» Errors by the alarm monitoring (central station) service
» Drapes or balloons blowing in the breeze

Alarm Operation Tips
If you set off a burglary alarm by accident in a home or a business, try to contact the alarm company immediately if they do not call you. If you cannot recite the property's password or code word over the phone to the alarm operator, the police will be dispatched! It is recommended that you wait for the officers' arrival in front of the property in plain view. Remember that the responding officers probably do not know who you are, so be prepared to offer some form of identification to establish your legal presence on the property in question.

In the case of an accidental activation of a robbery or takeover (ambush) alarm, be aware that the responding officers must assume the worst... And the worst for them is the presence of armed suspects on the property. The alarm company will not call you to verify this type of alarm. You may receive a telephone call from police dispatch. It is essential that you do exactly as you are told.

Responding to alarm calls is serious business for the police. Every year, officers are killed while responding to these type of calls. Until proven otherwise, we must assume that we are dealing with a crime in progress. Keep this in mind when you accidentally activate your alarm.

Alarm System Fines, Fees, and Penalties
Initial alarm system permit for residential or commercial property $25.00
Biannual (every two years) renewal of alarm permit $5.00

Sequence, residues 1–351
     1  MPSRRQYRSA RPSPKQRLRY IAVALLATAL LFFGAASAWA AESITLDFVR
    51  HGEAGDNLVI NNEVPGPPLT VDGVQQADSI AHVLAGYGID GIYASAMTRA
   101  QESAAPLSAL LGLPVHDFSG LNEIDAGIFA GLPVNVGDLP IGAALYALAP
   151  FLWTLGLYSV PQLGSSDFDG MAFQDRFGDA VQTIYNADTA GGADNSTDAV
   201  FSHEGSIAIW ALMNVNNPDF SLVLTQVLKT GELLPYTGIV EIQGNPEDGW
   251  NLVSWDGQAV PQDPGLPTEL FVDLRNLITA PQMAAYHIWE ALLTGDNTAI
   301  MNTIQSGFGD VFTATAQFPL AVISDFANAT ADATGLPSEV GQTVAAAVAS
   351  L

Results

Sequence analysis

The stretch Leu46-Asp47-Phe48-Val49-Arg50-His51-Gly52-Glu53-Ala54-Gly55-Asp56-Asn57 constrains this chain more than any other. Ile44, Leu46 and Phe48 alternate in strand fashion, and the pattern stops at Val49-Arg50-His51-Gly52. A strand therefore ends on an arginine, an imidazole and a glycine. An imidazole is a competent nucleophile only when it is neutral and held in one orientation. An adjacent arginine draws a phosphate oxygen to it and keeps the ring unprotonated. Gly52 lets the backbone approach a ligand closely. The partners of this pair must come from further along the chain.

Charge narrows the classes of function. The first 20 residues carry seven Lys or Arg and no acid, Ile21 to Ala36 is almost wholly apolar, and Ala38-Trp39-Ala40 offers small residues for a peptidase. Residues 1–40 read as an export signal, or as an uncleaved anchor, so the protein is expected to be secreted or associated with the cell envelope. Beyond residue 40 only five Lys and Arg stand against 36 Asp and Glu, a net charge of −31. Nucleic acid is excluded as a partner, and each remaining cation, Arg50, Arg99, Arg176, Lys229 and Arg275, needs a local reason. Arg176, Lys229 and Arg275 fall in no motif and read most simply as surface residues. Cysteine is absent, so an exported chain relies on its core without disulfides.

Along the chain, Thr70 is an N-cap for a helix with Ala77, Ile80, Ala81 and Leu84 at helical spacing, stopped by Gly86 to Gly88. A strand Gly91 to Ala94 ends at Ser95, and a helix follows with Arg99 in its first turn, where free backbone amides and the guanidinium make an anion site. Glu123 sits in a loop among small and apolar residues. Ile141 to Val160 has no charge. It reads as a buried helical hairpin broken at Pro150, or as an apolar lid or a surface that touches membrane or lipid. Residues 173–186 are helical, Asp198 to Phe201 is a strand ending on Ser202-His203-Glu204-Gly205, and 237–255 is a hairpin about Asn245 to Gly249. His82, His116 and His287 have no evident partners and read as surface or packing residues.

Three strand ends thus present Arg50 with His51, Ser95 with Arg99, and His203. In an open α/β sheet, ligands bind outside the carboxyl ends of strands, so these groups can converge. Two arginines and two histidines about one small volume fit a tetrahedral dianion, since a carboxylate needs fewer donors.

Initial alarm permit fee and renewals for persons over the age of 60, educational institutions or governmental agencies NO CHARGE
First or second manually activated false alarm in a 12-month period $205.00
Third false alarm in any 12-month period $205.00
Fourth false alarm in any 12-month period $230.00
Fifth and each subsequent false alarm during a 12-month period $280.00
Appeal or hearing fee $79.00
No alarm permit on file. Fine waived if permit obtained within 30 days $205.00
Failure to have responsible party respond to alarm site within 45 minutes of police request $205.00
Improper use of alarm $205.00
Failure to update alarm permit information within 30 days of change $205.00
Simple interest accrual on unpaid fines, fees and penalties. Failure to pay will result in civil action being taken against you. 7%

How to Appeal a Fine
You have the right to appeal alarm fines, fees and penalties. You may also appeal alarm permit denials, suspensions or revocations. If your appeal is about a permit, you must request a hearing by mail stating why you believe your alarm system now meets the standards established by the City. Once the fee and letter are received by the Police Department, the hearing will be held within 30 days.

If you are appealing a false alarm fine, you may request a hearing in person or by affidavit (in writing). The hearing is designed to give you an opportunity to show that the alarm reported to the Police either did not occur or were not false alarms. The hearing officer will determine if the fine, fee or penalties assessed by the Department are justified.

False Alarm School
FINALLY! There is an alternative to paying a fine for a False Alarm in Oxnard, California

The City of Oxnard has partnered with the Central Station Alarm Association (CSAA) to offer this informative and interactive online training for False Alarm Prevention. Those who receive a citation for a False Alarm can opt out of paying a fine by taking this online course. Simply take the course, pass the test, and print your certificate. Present your certificate stating that you have successfully taken the course and passed the test to the City of Oxnard and you will not be required to pay your fine.

The certificate is good for up to one false alarm fine. Details | Course Access

If you have any questions, please contact Celia Besore at 703/242-4670, Ext. 16, or by email at communications@csaaul.org.